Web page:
Royal Borough of Kingston upon Thames (05/B/3214)
'Ms Phillips' (not her real name for legal reasons) complained that faults in the Council's school admissions procedures have wrongly denied her child a place at her preferred selective secondary school, and that the independent panel convened to hear her appeal against refusal of a place failed to consider properly whether the admission arrangements were sound and applied correctly.
The Ombudsman's investigation found that the Council failed to take steps to overcome computer system failure and ensure that it co-ordinated its admission arrangements with neighbouring education authorities in accordance with the published scheme. This led to some parents receiving more than one offer of a place. When reallocating places that were not initially taken up at Ms Phillips' preferred school, it also failed to have regard to the law and relevant codes of practice in the way its 'waiting' list was constructed and implemented. As a result, Ms Phillips' child was wrongly denied a place at the school. There was unacceptable delay in the Council's responses to the Ombudsman's investigation.
The Ombudsman found no fault in the independent panel's handling of Ms Phillips' appeal.
The Ombudsman finds maladministration causing injustice and recommends that the Council offers Ms Phillips a place for her child at her preferred school, pays her£500 to recognise the impact of its actions, including delay, and reviews its admission arrangements as a matter of urgency to avoid a recurrence of the maladministration in the next and subsequent rounds of admissions.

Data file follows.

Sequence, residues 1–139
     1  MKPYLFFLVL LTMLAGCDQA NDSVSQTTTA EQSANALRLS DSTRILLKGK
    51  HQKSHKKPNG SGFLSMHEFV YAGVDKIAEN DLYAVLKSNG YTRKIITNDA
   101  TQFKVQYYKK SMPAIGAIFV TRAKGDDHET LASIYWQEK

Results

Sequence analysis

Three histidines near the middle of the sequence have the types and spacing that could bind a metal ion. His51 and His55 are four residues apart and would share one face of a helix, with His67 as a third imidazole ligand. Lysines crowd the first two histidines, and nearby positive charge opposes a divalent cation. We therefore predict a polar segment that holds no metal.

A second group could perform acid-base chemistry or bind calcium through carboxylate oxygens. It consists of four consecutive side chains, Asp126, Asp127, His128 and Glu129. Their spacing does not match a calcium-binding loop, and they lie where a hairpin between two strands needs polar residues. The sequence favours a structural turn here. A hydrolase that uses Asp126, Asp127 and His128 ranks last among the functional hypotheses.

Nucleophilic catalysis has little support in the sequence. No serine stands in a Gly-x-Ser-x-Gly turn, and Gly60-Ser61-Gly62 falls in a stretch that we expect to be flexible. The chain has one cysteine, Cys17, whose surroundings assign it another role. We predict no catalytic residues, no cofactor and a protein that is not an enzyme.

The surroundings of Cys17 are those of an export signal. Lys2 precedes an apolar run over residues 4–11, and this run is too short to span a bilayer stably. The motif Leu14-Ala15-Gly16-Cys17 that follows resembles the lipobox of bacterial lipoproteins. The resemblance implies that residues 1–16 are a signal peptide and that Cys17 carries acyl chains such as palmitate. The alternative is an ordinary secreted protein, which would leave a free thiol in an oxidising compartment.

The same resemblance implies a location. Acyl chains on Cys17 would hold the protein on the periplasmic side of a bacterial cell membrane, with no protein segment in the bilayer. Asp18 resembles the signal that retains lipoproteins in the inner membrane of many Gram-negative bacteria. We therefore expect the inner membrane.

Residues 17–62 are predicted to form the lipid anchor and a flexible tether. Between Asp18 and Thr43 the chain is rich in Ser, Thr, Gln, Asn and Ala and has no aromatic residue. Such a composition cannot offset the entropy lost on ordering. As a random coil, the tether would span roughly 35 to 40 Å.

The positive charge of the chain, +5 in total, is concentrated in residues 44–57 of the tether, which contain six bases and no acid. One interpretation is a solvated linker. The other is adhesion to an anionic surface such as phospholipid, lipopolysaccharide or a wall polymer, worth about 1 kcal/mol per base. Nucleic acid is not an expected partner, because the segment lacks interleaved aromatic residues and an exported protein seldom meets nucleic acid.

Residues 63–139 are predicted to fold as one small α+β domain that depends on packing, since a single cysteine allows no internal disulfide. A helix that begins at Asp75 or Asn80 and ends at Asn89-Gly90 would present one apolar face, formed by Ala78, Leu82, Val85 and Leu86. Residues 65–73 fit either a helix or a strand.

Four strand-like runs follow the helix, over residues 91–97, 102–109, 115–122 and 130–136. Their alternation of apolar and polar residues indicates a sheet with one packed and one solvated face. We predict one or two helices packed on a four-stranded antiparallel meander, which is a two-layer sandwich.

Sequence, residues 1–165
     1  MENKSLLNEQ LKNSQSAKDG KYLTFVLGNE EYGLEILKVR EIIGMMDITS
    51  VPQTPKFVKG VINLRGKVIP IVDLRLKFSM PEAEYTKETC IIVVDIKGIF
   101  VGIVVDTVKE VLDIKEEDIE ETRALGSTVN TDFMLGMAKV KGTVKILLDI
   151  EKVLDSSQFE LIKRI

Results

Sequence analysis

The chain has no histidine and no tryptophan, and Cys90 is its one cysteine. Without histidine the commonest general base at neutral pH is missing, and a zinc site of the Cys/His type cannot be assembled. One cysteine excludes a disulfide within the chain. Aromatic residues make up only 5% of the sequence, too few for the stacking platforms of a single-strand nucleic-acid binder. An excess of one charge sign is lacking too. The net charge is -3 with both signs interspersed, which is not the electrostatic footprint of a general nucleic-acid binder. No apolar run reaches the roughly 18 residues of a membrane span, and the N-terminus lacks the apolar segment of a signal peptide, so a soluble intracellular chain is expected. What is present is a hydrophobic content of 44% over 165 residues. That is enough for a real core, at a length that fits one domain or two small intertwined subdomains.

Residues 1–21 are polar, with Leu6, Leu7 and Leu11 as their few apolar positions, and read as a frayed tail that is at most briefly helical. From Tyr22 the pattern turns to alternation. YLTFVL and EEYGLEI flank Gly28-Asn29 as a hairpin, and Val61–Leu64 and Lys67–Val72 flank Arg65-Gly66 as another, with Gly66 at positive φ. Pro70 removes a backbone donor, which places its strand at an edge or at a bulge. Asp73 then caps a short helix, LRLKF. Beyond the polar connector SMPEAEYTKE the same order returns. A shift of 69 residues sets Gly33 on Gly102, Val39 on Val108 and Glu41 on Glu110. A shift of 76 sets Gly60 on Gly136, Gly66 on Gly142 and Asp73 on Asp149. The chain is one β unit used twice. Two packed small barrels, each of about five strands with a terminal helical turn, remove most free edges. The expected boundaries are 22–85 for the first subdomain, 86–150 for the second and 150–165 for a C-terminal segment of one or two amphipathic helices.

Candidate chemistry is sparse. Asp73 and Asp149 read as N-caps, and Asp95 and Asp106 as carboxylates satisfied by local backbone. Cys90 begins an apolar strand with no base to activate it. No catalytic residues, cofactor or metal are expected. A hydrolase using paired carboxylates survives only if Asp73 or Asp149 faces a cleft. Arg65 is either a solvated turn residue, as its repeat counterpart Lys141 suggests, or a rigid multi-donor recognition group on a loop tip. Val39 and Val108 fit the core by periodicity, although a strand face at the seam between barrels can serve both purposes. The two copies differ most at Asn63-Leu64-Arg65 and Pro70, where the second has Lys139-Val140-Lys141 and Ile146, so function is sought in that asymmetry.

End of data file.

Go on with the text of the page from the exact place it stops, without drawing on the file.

London Borough of Barnet (03/A/8718)
'Mr Adam' (not his real name for legal reasons) suffers from focal foot dystonia. His left foot has twisted at the ankle so that his foot is at right angles to his leg. He also suffers from osteoporosis of the spine and will probably have to use a wheelchair in his home as his condition deteriorates. He was living in a two-storey house with a stairlift and had difficulty in accessing the upstairs shower and bath.
He complains that the Council failed to consider his application for a disabled facilities grant properly. He says that, if he had been told at the outset that his application was likely to be turned down, he would have moved much sooner. He moved within six months of the Council's refusal to fund the extension.